Burma’s Upper House of Parliament accepted a proposal to debate two controversial bills geared toward protecting race and religion in the Buddhist-majority country as the 12th parliamentary session began on Monday.
The Religious Conversion Bill and the Population Bill are part of a legislative package commonly referred to as the “Protection of Race and Religion Bills,” consisting of four bills that would create new rules regarding interfaith marriage, choice of faith and other elements of family life.
Initially proposed by a Buddhist nationalist group known as the Association for the Protection of Race and Religion, known in Burmese as the Ma Ba Tha, the bills have met with waves of criticism from domestic and international rights advocates who claim the legislation would violate religious freedoms and undermine women’s rights.
Debate of the Conversion Bill was approved by a majority of lawmakers, though six objected to the proposal to discuss the bill. Upper House lawmaker Phone Myint Aung told The Irrawaddy that, “it is necessary to discuss these bills in Parliament,” adding that he supports the enactment of laws restricting religious conversion, particularly for Buddhists.
The proposed Population Bill proved less divisive, with all lawmakers agreeing to the debate without objection. Banyar Aung Moe, an ethnic Mon lawmaker, told The Irrawaddy that while he has mixed views on the entire package of bills, he agrees that they should have a place in parliamentary discussions.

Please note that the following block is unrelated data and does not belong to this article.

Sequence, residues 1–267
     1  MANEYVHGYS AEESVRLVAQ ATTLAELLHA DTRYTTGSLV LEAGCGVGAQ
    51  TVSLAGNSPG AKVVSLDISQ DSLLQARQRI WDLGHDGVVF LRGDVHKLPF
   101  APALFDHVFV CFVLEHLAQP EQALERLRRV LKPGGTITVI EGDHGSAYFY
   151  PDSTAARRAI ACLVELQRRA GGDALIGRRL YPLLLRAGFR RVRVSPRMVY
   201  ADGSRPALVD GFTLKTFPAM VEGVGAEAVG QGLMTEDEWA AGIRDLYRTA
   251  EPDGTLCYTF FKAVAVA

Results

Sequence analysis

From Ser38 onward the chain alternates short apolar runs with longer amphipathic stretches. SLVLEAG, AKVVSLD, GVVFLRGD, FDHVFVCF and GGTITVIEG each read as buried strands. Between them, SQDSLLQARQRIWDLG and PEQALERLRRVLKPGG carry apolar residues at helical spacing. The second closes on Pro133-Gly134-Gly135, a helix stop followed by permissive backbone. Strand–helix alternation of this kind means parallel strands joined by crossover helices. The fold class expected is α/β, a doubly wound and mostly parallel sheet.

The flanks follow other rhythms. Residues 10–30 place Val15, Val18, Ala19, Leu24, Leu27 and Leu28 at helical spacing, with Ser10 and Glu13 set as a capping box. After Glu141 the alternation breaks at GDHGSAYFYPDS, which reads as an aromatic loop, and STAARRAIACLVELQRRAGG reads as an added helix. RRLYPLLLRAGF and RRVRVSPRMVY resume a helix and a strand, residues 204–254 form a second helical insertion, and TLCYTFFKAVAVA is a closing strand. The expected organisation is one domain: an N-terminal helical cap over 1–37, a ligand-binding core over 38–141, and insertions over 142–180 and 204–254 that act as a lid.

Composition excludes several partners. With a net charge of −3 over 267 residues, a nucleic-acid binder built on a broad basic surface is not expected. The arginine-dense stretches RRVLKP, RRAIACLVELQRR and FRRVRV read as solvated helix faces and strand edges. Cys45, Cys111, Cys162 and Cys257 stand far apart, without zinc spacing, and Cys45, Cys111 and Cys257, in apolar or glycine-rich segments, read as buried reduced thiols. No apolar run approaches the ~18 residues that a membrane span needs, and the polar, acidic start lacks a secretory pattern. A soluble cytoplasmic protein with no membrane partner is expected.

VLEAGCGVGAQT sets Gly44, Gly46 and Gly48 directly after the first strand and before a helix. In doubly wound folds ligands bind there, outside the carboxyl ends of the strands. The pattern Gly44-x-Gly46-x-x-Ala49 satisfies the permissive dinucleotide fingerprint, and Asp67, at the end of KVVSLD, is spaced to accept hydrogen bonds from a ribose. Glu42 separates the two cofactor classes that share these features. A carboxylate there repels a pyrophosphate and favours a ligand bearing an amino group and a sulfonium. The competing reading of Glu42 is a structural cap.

“From a health perspective, we think controlling the population is necessary, so there were no objections to that discussion,” he said.
The Population Bill does not restrict birth nationwide, but grants power to state and regional governments to create regulations based on the needs of their respective communities, according to Phone Myint Aung. Some critics have argued that this could empower local governments to unfairly restrict minorities’ rights, while others defended the law on the grounds that it could prevent “rapidly booming” populations from “threatening” ethnic minority populations.
The majority of Burma’s population practices Buddhism, though the country is host to several other religions including Animism, Christianity, Hinduism and Islam. A movement to preserve Buddhist identity has gained momentum in recent years as Burma has grappled with ethnic and religious tension.
The issue has become a fixture of political discourse as inter-communal violence between Buddhists and Muslims broke out in several parts of the country in mid-2012. Hundreds of thousands of people have been displaced and more than 200 have died during riots that overwhelmingly uprooted Muslim communities.
The Ma Ba Tha rose to prominence in the wake of the conflict, premised on preserving Burma’s dominant Buddhist identity. The legislation was first proposed in mid-2013, and has since met a barrage of criticism from a wide range of stakeholders.
Most recently, the top US rights official, Tom Malinowski, said the United States registered their concern about the legislation during a recent meeting with Union ministers. The official said the United States presented the Burmese government with a legal analysis of the four bills, which “raised serious questions about their conformity with international human rights standards.”